get all necessary data you want to provide to the GUI application.
  */

#ifdef _ApplicationDeviceClass_

  /* here we just evaluate the current hardware button state */
  if ( IsHardButtonDown )
    //ButtonCounter++;
	ButtonCounter = ButtonCounter + 10;
  else
    ButtonCounter = 0;

  /* check for a valid access to the autoobject of the device class */
  if ( DeviceObject == 0 )
    return 0;

  /*
     For each device paramter, that is represented by a property within the
     Embedded Wizard device class and that you want to update, you have to call
     the appropriate UpdateProperty() method.

     The following examples assumes, that you have a device class with the
     name 'DeviceClass' within the unit 'Application'.
  */

  /* Update the property HardButtonCounter within the class Application::DeviceClass
     by calling the method 'UpdateHardButtonCounter' - the generated define is
     evaluated to ensures that the method is available within the generated code. */
  #ifdef _ApplicationDeviceClass__UpdateHardButtonCounter_

    ApplicationDeviceClass__UpdateHardButtonCounter( DeviceObject, (XInt32)ButtonCounter );

  #endif

  /*
     Trigger system events if necessary, e.g. if a certain situation happens,
     if an error occurs or just if a certain value has changed...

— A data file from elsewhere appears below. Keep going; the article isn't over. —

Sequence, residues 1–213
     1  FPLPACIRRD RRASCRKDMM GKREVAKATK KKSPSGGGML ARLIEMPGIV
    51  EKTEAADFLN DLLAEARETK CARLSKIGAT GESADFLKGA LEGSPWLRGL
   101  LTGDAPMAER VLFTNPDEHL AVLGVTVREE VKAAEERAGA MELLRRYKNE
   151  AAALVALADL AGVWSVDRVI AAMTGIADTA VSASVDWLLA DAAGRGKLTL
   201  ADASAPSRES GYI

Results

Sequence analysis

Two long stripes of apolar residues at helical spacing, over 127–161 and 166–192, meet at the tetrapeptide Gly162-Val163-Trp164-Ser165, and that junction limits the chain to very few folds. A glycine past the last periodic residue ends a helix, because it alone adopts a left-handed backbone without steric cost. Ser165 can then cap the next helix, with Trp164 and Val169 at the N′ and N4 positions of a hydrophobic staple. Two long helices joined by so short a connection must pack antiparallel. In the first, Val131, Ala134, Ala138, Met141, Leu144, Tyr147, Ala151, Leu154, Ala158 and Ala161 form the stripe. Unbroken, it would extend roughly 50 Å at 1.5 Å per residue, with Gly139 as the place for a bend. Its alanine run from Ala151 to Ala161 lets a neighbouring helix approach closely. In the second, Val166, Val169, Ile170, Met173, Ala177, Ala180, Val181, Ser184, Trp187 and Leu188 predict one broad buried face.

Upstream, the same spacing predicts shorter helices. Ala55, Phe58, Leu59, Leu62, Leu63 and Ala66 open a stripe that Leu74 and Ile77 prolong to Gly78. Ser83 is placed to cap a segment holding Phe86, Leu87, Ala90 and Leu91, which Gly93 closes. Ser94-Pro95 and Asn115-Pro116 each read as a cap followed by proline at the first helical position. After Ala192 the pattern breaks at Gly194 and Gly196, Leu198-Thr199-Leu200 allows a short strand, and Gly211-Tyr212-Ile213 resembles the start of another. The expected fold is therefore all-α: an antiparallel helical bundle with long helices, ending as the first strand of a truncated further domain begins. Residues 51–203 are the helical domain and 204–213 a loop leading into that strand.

*/

  /* When the hardware button is pressed, call the method 'TriggerHardButtonEvent()' of the
     device class 'DeviceClass' within the unit 'Application' - the generated define is
     evaluated to ensure that the method is available within the generated code. */
  if ( IsHardButtonPressed )
  {
    #ifdef _ApplicationDeviceClass__TriggerHardButtonEvent_

      ApplicationDeviceClass__TriggerHardButtonEvent( DeviceObject );

    #endif

    IsHardButtonPressed = 0;
    needUpdate = 1;
  }

#endif

// Armen Added

#ifdef _ApplicationDeviceClass1_

  /* here we just evaluate the current hardware button state */
  if ( IsHardButtonDown1 )
    ButtonCounter1++;
	//ButtonCounter1 = ButtonCounter1 + 10;
  //else
   // ButtonCounter1 = 0;

  /* check for a valid access to the autoobject of the device class */
  if ( DeviceObject1 == 0 )
    return 0;

  /*
     For each device paramter, that is represented by a property within the
     Embedded Wizard device class and that you want to update, you have to call
     the appropriate UpdateProperty() method.

     The following examples assumes, that you have a device class with the
     name 'DeviceClass' within the unit 'Application'.
  */

  /* Update the property HardButtonCounter within the class Application::DeviceClass
     by calling the method 'UpdateHardButtonCounter' - the generated define is
     evaluated to ensures that the method is available within the generated code. */
  #ifdef _ApplicationDeviceClass1__UpdateHardButtonCounter_

    ApplicationDeviceClass1__UpdateHardButtonCounter( DeviceObject1, (XInt32)ButtonCounter1 );

  #endif

  /*
     Trigger system events if necessary, e.g. if a certain situation happens,
     if an error occurs or just if a certain value has changed...
  */

  /* When the hardware button is pressed, call the method 'TriggerHardButtonEvent()' of the
     device class 'DeviceClass' within the unit 'Application' - the generated define is
     evaluated to ensure that the method is available within the generated code. */
  if ( IsHardButtonPressed1 )